According to a 2004 Rand Corporation report, depression results in more absenteeism than almost any other physical disorder and costs employers more than US$51 billion per year in absenteeism and lost productivity.
Just sort of feeling blue, kinda out of it, gets confused with being depressed. We all get the blues from time to time, and they pass.
The Law of Sad
Feeling sad, while not pleasant, makes sense in the context of the situation.
The Law of Clinical
True clinical depression is not just feeling blue or sad. It’s both a biological and psychological struggle that’s often best treated with a combination of medication and counseling.
The Law of Boot Straps
When you are depressed, some well-meaning people will tell you to just “pull yourself up by your own bootstraps.” The problem is when you are clinically depressed, you don’t have bootstraps.
The Law of Music, Part 1
Music can either lift you up or keep you down. Listening to certain kinds of music while depressed is like pouring gasoline on a fire and then wondering why it gets worse.
The Law of Music, Part 2
Make your own list of uplifting, positive, energizing music.
The Law of Coping
You need to have a variety of tools in your tool bag to effectively cope with depression. Here’s a few suggested tools:
Talk about it. Trying to handle depression on your own is like trying to do your own open-heart surgery.
Write out your feelings. Getting it out on paper can get it out of you.
Take a drive and ease your mind.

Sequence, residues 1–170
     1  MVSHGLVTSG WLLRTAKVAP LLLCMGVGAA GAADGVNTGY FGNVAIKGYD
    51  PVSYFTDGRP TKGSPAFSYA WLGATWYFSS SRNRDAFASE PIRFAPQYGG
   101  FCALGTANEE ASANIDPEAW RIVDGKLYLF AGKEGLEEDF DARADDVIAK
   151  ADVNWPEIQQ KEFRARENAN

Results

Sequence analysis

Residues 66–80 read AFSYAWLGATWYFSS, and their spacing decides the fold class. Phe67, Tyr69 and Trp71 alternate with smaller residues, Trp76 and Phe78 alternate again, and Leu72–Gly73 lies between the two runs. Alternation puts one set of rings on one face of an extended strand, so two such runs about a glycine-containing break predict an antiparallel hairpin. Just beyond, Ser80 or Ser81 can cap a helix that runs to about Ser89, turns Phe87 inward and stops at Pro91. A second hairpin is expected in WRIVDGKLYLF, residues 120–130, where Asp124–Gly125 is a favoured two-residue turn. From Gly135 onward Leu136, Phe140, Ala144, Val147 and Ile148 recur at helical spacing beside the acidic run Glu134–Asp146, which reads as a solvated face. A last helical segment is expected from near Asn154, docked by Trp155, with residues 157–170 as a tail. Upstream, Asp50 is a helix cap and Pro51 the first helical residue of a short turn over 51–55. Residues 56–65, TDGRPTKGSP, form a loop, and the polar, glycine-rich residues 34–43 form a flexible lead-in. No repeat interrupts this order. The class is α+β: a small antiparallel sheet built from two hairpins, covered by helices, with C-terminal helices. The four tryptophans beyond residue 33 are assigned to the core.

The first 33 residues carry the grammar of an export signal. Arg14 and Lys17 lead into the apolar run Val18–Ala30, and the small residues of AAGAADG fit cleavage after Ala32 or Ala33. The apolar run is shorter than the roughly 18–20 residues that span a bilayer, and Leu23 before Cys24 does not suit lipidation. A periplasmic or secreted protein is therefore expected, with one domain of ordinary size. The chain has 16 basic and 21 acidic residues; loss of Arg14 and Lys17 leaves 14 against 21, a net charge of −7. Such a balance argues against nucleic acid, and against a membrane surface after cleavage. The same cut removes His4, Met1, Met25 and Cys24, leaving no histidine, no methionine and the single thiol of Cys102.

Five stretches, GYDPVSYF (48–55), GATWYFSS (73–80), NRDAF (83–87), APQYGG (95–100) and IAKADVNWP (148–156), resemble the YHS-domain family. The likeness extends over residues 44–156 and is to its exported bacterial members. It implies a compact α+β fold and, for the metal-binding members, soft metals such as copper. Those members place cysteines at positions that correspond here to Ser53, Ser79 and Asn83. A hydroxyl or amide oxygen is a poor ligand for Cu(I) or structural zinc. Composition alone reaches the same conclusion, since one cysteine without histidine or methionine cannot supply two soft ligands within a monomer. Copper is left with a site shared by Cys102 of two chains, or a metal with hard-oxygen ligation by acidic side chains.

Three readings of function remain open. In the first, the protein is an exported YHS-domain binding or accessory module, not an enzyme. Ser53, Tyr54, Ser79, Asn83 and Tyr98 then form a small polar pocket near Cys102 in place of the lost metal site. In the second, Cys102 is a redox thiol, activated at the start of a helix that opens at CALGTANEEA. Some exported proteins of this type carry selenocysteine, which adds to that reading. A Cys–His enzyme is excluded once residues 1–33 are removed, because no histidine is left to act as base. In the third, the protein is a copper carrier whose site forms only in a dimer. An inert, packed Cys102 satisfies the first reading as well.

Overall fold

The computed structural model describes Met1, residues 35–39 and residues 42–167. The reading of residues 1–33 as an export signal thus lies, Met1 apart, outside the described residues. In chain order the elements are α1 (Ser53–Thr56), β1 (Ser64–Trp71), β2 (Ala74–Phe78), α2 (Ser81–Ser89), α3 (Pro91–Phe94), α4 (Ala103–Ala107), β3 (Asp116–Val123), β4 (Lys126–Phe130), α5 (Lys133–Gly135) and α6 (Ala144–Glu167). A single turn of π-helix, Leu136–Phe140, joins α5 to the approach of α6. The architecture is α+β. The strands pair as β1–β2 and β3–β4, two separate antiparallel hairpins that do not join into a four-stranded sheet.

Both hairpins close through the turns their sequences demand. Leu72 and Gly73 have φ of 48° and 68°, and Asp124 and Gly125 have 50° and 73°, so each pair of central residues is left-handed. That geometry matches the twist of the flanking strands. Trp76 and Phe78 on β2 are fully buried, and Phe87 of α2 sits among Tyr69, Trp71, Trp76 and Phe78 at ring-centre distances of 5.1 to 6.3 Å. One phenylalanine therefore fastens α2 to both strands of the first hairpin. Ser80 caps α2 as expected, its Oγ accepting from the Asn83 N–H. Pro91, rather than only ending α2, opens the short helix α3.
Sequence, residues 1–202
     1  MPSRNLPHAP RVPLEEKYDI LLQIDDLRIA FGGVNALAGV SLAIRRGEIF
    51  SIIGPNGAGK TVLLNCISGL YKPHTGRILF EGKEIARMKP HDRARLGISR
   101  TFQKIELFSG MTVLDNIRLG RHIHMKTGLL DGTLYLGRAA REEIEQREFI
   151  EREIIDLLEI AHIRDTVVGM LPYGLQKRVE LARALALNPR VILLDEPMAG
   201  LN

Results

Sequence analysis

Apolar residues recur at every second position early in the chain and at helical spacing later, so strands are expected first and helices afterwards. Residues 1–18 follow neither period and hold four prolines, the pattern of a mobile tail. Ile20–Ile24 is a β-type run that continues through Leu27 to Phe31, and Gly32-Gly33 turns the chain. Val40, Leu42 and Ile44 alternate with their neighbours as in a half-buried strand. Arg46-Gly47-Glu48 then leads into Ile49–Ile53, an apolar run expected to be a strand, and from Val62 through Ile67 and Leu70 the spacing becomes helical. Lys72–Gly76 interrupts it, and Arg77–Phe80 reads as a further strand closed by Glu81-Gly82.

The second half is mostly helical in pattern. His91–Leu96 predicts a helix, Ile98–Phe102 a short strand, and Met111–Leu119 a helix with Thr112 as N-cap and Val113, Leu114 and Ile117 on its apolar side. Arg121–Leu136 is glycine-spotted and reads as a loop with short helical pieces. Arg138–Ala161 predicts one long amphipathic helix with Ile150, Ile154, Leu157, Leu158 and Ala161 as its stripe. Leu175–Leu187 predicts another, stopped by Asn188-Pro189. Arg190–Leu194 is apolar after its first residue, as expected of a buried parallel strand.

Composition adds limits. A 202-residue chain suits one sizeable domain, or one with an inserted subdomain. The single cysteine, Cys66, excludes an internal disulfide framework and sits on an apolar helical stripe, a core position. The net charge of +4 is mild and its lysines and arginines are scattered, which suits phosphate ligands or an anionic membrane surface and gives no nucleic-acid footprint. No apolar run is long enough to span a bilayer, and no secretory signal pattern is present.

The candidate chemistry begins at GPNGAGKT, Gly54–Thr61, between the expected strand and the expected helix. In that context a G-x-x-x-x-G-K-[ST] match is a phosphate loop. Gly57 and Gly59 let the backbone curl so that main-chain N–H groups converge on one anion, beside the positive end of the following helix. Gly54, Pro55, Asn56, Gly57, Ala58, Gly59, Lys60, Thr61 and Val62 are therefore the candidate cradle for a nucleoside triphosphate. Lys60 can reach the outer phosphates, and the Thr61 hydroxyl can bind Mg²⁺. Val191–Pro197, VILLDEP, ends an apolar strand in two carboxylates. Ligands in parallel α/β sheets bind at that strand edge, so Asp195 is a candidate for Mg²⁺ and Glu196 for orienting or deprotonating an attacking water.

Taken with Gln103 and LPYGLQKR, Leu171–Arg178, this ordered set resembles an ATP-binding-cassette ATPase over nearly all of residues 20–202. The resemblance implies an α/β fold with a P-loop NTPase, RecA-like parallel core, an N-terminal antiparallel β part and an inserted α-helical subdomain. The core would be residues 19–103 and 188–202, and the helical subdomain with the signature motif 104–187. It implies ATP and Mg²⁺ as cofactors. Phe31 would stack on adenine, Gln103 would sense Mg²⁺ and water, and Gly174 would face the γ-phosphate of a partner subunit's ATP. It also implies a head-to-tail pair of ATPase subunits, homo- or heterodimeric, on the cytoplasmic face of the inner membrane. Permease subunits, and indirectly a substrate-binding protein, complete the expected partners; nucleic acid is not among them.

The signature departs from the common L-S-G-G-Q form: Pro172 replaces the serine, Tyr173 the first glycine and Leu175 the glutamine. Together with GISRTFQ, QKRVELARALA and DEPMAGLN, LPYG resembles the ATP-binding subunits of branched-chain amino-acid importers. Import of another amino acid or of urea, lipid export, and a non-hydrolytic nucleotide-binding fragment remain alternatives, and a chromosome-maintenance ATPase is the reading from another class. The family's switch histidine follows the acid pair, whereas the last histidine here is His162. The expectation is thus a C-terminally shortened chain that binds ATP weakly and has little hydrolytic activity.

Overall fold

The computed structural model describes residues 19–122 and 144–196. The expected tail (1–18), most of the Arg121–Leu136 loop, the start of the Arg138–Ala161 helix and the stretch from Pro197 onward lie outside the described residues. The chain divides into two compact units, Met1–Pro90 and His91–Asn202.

Cry if you need to. There’s a great line in Pat Conroy’s novel Beach Music that goes something like: “Men die younger than women because men have not washed their faces enough with their own tears.”
Exercise. If I can get a client that is depressed to exercise regularly, I know we are part of the way home.
The Law of Lifestyle
I’ve come to believe that there is such a thing as a “depressive lifestyle.” Over-working, over-stressing, expectations of perfection, a critical, complaining and cynical spirit, focusing on the negative in life, feeding a sense of hopelessness through what you read and listen to, all these things contribute to a depressing life.
The Law of Discovery
Discovering they are depressed, while frightening for many clients, also gives a name and a beginning understanding of the struggles they have experienced.
The Law of Warning Signs
Many people feel like depression sort of snuck up on them. They didn’t see it coming. As you work your way out of depression, it’s crucial to develop a list of “early warning signs.” These allow you to take early action to prevent a reoccurrence.
The Law of “Like Minded People”
If you surround your self with depressed people, you’re likely to stay depressed. Or get depressed if you weren’t already. And if you surround your self with positive people, it’s a lot harder to get and stay depressed.
The Law of Focus
Focusing on everything that is wrong with your life and the world is a great way to stay stuck in depression. By the same token, focusing on everything that is right with your life and the world is a great way to move on out of depression.
The Law of Recovery
The really cool news is that people can and do recover from depression every day. Recovery begins with the decision to recover, and then selecting the best guides and creating the best map for your journey back to the passion of life.
The Law of Getting Stronger
This one comes from a special client of mine who has a wealth of experience in this area. Instead of only praying that circumstances change for the better (which is a good thing to do) pray and work on getting your self stronger to deal with whatever comes your way.
As Chicago, one of my favorite bands still sings:
"I'm feelin' stronger every day............"
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